Meditation Versus Medication: A New Paradigm For Treating Depression

by John W. Steele, Ph.D., Licensed Psychologist

Within the average year, 10% of the U.S population has experienced an episode of clinical depression. Over the course of a lifetime, 25% of women and 12% of men suffer one or more episodes of depression. Depression rarely occurs by itself. It is frequently associated with anxiety, in the form of panic disorder, phobias, generalized anxiety or obsessive-compulsive disorder. Research has demonstrated that psychotherapy (specifically, cognitive-behavioral and interpersonal types of therapy) and antidepressant medication are equally effective in eliminating or reducing depressive symptoms. Nevertheless, since doctors often prescribe medication before they refer patients for psychotherapy, most people use antidepressants as their frontline treatment for depression.

Longitudinal studies have shown that relapse and recurrences following successful treatment are common debilitating outcomes of depression. Since antidepressants work by suppressing symptoms, their effectiveness does not outlast their use. Psychotherapy is more effective than medication over the long term because people who go through therapy gain new coping skills. As a result, the effects tend to carry on after the therapy has ended. Even so, relapse is common and the risk of early recurrence increases with each episode of depression.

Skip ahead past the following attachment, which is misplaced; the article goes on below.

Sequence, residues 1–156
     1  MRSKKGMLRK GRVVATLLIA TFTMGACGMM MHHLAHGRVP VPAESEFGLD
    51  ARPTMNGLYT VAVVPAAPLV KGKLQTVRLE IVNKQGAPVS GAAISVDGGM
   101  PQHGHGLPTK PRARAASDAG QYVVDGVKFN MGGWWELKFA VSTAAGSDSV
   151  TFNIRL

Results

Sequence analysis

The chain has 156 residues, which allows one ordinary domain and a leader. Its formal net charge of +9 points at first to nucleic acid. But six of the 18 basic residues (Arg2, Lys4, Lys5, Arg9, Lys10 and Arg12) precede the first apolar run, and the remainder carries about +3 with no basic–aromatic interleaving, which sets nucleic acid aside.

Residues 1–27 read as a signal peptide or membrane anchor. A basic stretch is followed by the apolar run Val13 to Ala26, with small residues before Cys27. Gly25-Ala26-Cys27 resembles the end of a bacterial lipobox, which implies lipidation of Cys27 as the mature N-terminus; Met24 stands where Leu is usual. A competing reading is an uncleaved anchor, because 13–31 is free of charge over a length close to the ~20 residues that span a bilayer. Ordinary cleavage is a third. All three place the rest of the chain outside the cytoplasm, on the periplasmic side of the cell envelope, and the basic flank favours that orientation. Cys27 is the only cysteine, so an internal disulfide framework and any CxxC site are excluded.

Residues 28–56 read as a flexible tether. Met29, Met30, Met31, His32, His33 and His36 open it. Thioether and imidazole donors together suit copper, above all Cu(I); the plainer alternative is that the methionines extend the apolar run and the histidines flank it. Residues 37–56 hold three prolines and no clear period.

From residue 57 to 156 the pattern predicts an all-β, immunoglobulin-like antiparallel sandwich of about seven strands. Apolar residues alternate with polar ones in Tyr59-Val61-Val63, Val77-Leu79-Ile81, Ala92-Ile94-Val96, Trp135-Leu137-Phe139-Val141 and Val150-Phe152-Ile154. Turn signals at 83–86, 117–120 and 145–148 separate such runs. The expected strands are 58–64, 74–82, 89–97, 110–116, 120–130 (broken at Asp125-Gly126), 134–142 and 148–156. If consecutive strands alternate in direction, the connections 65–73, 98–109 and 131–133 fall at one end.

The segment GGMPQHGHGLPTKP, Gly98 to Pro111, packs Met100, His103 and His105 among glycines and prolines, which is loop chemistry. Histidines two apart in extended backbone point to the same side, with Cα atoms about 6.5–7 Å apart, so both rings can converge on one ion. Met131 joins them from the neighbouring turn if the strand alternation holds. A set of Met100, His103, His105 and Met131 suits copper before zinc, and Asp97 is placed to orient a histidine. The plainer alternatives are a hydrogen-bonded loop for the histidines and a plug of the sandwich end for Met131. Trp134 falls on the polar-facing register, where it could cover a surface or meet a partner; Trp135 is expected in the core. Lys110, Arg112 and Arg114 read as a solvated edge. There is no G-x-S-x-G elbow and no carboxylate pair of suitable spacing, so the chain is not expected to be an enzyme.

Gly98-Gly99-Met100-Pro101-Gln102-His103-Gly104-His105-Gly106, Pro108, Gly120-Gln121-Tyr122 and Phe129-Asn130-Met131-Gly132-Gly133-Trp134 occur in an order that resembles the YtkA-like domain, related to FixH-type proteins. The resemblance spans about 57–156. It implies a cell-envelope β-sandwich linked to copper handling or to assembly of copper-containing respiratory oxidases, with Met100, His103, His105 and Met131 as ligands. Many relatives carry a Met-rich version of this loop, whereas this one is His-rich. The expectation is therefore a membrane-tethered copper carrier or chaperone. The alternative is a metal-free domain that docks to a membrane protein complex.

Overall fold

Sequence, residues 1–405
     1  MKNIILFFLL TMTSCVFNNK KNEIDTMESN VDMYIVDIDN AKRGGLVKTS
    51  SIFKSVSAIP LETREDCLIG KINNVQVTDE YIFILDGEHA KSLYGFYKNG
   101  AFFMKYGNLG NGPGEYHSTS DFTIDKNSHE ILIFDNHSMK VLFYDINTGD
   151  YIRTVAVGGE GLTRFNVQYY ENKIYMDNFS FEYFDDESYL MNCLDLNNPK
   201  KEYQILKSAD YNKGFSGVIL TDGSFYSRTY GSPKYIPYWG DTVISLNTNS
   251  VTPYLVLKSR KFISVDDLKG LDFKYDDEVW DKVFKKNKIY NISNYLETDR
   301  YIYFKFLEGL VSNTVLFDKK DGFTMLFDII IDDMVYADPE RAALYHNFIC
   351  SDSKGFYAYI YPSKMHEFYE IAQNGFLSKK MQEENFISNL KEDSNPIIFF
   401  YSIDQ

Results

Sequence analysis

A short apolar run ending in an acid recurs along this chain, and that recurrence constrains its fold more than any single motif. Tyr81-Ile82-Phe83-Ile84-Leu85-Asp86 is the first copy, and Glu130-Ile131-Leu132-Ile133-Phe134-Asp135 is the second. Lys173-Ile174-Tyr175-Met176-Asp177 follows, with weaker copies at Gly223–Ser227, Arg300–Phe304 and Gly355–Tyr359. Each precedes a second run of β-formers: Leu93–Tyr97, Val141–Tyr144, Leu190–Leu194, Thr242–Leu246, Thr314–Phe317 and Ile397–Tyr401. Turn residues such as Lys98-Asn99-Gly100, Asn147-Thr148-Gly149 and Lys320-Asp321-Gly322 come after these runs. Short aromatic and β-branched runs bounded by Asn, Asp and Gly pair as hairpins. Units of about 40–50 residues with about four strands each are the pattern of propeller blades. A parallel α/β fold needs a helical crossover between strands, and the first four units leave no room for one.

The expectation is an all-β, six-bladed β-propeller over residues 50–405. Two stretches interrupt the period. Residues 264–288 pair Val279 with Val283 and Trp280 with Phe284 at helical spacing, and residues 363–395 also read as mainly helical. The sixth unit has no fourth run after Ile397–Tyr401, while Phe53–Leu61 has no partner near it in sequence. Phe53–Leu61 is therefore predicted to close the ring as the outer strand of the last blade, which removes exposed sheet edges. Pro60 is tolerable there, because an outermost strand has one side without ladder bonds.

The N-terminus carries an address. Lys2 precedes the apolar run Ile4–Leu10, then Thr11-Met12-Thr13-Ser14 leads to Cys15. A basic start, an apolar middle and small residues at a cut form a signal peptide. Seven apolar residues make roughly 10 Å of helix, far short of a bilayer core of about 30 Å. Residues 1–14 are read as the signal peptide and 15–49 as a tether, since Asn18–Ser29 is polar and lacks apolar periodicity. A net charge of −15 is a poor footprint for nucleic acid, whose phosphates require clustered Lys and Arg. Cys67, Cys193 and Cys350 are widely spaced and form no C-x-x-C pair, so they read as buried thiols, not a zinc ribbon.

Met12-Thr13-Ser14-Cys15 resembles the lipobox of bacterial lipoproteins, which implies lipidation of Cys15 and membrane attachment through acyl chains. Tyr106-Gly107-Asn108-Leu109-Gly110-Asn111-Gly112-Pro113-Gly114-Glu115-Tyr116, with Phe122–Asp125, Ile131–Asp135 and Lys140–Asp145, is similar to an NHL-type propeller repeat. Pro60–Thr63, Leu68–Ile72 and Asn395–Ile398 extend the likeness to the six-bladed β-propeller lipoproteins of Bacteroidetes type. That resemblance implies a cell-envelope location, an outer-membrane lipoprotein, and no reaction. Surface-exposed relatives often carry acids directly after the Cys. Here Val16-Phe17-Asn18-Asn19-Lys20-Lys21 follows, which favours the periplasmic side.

This is where meditation comes in. Clinical psychologists in Canada and the U.K. collaborated in developing a program to help people who have fully or partially recovered from one or more episodes of depression prevent relapse. They called it Mindfulness-Based Cognitive Therapy (MBCT) and placed mindfulness meditation training at the core of the program. Mindfulness meditation is a practice that involves noticing thoughts as they arise and letting them go. This helps us see clearly that our thoughts are thoughts rather than facts. As we begin to be able to see our thoughts more objectively, we are less likely to spiral down into a full-blown depression whenever negative thoughts and emotions arise. Research has demonstrated that those who complete an eight-week Mindfulness-Based Cognitive Therapy (MBCT) program are 50% less likely to experience a relapse into depression than those who receive treatment as usual.

My personal impression of Mindfulness-Based Cognitive Therapy is that it really works. There is an excellent book with a CD in the back to guide you through the MBCT program and mindfulness practices that go along with it, called “The Mindful Way Through Depression, by Mark Williams. When I facilitated an eight-week MBCT program at People House last spring, I was inspired to see how eagerly the eight participants embraced the practices and techniques offered to them. The next MBCT program at People House starts September 9.


People House: a Center for Personal and Spiritual Growth